How can I add a scoring system to my game?

A scoring system can make your game more competitive and rewarding. In Flash MX, you can use variables to keep track of the player’s score. You can then display this score on the screen using dynamic text fields.

How can I make my game more challenging?

Making your game more challenging can keep players engaged for longer. In Flash MX, you can make your game more challenging by increasing the speed and number of enemies, adding more complex level designs, and introducing tougher bosses.

How can I test and debug my game?

Testing and debugging your game is crucial to ensure that it works correctly. In Flash MX, you can use the Test Movie feature to test your game. You can also use the Output panel to display debug information, such as variable values and error messages.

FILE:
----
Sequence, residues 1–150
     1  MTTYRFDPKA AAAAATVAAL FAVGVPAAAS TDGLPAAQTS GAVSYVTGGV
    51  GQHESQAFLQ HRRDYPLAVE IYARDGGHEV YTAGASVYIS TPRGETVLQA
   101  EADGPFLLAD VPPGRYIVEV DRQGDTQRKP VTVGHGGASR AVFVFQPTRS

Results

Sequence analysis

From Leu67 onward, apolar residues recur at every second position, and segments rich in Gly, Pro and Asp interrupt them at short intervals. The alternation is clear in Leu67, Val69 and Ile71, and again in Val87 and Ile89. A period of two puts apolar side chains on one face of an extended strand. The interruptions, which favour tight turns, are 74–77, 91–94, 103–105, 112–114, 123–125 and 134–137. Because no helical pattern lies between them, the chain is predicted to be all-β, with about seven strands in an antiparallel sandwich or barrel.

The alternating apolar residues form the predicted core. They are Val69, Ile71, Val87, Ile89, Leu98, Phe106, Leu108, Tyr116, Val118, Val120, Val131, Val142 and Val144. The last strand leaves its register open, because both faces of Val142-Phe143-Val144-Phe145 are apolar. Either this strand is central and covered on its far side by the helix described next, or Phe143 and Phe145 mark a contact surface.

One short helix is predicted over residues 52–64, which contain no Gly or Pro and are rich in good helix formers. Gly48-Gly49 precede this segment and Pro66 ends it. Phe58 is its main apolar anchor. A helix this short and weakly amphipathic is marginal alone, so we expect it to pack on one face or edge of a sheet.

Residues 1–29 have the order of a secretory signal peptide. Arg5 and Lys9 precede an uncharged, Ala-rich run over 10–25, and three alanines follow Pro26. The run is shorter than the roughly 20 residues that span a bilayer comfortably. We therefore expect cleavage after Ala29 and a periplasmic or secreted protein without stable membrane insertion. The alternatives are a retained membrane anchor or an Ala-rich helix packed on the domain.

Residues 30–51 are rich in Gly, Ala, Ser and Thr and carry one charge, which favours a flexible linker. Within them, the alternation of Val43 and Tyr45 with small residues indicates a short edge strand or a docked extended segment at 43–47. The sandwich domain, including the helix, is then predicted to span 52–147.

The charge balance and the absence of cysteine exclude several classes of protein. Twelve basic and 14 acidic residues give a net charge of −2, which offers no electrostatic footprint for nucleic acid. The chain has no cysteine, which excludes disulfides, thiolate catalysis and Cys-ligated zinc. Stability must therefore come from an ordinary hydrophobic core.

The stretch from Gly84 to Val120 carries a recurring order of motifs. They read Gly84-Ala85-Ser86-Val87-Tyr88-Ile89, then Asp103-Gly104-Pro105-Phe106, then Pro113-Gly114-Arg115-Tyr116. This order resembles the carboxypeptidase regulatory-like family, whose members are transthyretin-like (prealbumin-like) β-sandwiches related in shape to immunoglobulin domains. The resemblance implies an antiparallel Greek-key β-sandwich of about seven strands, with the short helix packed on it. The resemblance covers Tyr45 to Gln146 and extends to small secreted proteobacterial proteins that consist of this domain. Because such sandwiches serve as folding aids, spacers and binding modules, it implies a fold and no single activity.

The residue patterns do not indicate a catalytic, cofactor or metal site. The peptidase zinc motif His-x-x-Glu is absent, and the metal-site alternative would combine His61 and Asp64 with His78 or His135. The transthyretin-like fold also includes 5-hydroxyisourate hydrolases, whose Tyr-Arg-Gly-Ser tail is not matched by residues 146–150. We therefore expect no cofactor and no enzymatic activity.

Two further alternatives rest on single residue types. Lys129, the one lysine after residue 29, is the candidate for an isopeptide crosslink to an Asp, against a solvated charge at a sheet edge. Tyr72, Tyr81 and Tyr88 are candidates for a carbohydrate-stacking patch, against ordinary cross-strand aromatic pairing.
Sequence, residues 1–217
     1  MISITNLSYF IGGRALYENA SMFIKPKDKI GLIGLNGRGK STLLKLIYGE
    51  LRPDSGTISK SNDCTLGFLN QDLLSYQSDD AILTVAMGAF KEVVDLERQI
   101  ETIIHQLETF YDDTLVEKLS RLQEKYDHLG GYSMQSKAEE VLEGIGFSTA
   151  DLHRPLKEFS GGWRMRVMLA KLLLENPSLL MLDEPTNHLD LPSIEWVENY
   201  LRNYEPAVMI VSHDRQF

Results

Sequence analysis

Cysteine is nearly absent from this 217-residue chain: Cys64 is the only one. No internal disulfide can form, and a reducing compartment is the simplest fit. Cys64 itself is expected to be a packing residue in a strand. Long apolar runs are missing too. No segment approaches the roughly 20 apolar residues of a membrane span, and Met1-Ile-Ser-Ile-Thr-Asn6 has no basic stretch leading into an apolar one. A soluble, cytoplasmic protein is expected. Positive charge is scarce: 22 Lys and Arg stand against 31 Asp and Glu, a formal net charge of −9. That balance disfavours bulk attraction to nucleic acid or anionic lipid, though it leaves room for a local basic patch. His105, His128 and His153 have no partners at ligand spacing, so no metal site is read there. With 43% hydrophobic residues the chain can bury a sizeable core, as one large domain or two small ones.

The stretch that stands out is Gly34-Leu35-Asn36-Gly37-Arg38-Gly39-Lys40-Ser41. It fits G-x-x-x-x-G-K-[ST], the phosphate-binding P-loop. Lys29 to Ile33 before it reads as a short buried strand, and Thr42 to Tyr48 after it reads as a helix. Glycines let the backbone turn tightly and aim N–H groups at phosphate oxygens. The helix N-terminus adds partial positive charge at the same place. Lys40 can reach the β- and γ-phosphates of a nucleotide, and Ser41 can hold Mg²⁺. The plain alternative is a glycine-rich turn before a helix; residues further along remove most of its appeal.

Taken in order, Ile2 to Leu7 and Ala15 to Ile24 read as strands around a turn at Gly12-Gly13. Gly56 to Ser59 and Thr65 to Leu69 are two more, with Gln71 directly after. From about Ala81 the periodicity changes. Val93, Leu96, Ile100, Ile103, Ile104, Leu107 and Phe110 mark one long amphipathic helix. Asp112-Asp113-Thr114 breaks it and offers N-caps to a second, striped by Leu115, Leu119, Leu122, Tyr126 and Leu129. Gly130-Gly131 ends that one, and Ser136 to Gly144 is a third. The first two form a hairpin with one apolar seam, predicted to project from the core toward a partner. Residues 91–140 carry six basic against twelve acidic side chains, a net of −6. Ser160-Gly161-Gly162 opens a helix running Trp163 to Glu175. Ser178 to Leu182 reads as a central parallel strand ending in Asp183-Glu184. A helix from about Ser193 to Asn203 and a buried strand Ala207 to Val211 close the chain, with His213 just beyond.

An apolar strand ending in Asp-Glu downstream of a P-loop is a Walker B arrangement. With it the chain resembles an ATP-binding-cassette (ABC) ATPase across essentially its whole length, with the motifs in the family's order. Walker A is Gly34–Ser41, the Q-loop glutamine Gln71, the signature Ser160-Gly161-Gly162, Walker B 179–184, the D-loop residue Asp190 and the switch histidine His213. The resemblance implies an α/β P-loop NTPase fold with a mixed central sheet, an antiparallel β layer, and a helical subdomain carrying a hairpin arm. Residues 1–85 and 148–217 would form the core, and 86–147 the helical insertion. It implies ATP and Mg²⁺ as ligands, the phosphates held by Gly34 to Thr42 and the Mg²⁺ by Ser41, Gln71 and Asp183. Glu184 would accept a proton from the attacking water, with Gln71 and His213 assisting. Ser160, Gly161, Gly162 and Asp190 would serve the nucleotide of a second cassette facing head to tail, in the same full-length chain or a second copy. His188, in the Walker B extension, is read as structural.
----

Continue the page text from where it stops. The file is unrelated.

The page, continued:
How can I publish my game?

Once you’ve finished creating your game, you can publish it as a SWF file that can be played in any web browser that has the Flash Player plugin installed. In Flash MX, you can use the Publish Settings dialog box to specify the publish options for your game.

Can I sell my Flash MX game?

Yes, you can sell your Flash MX game. However, you need to ensure that you have the rights to all the content in your game, including graphics, sound effects, and music. You can sell your game on various online platforms, such as Flash game portals and app stores.